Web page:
II. This presumption is strengthened to demonstration, when we see the many points in which the Scriptures themselves confirm their alleged authorship. For the sake of clearness, these


be distributed under several heads :1. Language :—The dissimilarity of style in the different books shows that they are the work of different authors. The difference, both of the matter and of the manner, between the first and fourth gospel, between the epistles of Paul and those of John, is very apparent even in the English translation. The Christian Scriptures were therefore written by several persons, and if the books are authentic, these persons were Jews, and had been educated in a country, in which the Aramean, the language of the Jews in our Saviour's time, was spoken. But why then have they written in Greek ? Because this language was, in the time of Christ, the general vehicle by which literary productions circulated through the

more civilized part of the world, and the medium of communication between the people of different nations, brought into contact by Roman conquest. This is shown by Josephus, who says he wrote his history first in the language of his countrymen, but afterwards, “ for the convenience of those living under the government of the Romans, translated it into Greek.”* Indeed this language was especially common in Palestine, as those Jews, who, for

purposes of commerce, lived abroad, at Alexandria and other places, mixing with their countrymen at home and at the festivals, spread the knowledge and use of it. We find Greek inscriptions on monuments and coins, throughout the East, and even in Jerusalem. The translation of the Jewish Scriptures into Greek long before the time of Christ, proves how much connection the Jews had with those who spoke it, and we are told that this version of the Old Testament, written in Alexandrine Greek, was used even in the synagogues of Judea.t We need not wonder, then, that the New Testament is written in Greek.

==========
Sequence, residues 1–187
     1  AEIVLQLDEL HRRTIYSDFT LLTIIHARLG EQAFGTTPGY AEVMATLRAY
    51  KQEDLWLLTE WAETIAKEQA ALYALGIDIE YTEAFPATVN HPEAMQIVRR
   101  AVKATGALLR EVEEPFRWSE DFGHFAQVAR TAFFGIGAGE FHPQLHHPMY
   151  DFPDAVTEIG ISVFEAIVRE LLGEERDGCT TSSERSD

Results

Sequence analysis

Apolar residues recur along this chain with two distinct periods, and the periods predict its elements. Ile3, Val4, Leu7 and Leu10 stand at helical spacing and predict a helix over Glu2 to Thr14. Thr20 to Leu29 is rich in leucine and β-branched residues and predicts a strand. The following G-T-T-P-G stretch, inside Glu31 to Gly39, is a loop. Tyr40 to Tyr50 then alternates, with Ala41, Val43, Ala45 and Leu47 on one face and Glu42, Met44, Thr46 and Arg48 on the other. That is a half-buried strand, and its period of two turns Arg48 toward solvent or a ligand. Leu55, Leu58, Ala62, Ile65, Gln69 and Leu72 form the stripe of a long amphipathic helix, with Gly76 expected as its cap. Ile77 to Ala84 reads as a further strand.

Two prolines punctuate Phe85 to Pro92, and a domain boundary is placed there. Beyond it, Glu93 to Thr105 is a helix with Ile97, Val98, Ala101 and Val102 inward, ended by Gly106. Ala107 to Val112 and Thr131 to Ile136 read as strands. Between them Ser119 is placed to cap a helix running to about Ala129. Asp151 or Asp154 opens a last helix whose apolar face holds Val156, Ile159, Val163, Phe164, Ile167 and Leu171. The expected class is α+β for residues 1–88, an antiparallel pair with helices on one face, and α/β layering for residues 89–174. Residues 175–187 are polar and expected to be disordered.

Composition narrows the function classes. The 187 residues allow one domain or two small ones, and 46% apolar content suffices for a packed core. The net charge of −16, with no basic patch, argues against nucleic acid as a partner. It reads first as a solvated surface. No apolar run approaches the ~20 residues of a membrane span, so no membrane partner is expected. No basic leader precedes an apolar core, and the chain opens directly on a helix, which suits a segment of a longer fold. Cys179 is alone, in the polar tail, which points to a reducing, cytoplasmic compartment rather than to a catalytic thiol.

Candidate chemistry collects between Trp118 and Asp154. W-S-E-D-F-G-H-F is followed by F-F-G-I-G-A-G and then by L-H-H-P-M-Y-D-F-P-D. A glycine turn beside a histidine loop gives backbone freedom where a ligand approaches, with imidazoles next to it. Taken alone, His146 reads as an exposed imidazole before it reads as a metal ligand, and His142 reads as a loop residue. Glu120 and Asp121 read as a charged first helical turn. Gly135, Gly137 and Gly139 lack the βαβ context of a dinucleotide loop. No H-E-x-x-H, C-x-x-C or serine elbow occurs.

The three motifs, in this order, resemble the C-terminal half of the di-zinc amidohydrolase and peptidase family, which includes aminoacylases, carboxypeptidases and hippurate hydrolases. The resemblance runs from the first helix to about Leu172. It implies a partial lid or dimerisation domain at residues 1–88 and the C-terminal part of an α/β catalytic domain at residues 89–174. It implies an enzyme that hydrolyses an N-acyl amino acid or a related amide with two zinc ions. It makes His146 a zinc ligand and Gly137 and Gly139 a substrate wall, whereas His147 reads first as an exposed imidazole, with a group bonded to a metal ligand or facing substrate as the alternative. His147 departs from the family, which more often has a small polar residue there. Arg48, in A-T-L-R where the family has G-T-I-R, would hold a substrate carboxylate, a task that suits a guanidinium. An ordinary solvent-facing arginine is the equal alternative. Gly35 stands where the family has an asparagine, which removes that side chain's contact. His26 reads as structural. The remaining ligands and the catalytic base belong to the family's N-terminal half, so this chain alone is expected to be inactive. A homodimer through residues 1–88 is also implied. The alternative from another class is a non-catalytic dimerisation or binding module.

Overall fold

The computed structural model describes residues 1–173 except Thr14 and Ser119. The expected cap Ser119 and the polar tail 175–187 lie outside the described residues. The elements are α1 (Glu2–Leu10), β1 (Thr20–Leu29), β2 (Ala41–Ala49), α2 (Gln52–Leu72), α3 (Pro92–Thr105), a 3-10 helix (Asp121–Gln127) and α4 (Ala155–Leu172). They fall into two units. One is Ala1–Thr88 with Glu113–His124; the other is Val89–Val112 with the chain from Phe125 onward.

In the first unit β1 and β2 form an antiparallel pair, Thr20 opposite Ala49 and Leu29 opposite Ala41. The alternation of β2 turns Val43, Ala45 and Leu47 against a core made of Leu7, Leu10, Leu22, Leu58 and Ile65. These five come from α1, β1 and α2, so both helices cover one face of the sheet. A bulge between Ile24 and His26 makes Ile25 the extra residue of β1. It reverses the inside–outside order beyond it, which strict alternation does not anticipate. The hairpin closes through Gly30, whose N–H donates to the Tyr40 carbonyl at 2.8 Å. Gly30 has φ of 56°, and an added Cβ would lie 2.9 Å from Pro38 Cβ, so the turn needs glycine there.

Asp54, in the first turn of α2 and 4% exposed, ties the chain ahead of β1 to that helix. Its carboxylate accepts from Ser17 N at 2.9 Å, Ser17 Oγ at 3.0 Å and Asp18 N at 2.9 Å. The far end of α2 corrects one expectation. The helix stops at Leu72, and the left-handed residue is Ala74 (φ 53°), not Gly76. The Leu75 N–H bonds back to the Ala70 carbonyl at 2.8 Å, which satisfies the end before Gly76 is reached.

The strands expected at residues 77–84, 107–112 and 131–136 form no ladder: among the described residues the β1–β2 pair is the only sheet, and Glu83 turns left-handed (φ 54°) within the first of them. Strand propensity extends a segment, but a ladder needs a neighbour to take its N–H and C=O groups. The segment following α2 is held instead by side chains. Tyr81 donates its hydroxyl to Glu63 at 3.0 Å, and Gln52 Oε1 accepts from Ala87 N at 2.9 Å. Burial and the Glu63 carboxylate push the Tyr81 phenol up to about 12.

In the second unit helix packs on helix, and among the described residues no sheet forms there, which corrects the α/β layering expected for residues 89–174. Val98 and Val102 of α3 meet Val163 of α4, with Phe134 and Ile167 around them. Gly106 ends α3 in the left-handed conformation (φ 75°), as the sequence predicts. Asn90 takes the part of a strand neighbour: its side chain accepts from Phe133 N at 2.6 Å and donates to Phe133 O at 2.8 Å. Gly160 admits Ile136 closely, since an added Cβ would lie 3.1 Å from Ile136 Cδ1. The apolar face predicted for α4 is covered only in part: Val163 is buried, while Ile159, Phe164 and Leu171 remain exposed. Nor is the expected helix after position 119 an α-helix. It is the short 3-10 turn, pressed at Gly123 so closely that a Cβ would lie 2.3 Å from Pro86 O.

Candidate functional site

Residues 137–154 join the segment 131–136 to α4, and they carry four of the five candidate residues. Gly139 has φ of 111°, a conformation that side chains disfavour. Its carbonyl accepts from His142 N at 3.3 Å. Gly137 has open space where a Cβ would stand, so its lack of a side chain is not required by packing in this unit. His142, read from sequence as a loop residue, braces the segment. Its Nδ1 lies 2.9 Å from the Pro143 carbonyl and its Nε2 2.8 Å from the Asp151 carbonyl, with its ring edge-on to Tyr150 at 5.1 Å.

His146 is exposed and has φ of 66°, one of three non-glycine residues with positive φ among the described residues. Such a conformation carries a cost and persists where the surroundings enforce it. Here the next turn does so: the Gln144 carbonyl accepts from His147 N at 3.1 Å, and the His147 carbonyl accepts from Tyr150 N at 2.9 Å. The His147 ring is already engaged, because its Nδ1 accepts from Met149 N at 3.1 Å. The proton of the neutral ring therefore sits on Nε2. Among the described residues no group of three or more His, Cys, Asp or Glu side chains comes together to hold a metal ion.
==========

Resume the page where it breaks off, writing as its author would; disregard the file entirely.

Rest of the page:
But it is a sort of Greek, which would never have been used by a native Grecian. It is the peculiar dialect of strangers, and contains many oriental idioms. A slight acquaintance with the original languages proves that the writers must have been intimately acquainted with the Aramean; many of its words are used, as Raca, Ephphatha, Corban, &c. ; idiomatic phrases are found, as the use of the word children in the phrases, “ children of light,” “ children of wrath,” and many others; the structure of the sentences resembles that of the Hebrew; the allusions to the ceremonies and commands of the Old Testament, are evidently made by those who were familiar with them. Examples and proofs of these assertions might be very much multiplied, and they form a mass of evidence, so conclusive, that probably no scholar could examine the New Testament Greek, without being convinced by its peculiarities, that it was written by those whose acquaintance with the Aramean was such, as could be gained only by habitual residence in Palestine, and such as proves the writers to have been Jews by birth and education. Their style also proves them to have lived before the destruction of Jerusalem, for that event introduced such changes in the Jewish language, as to give it a very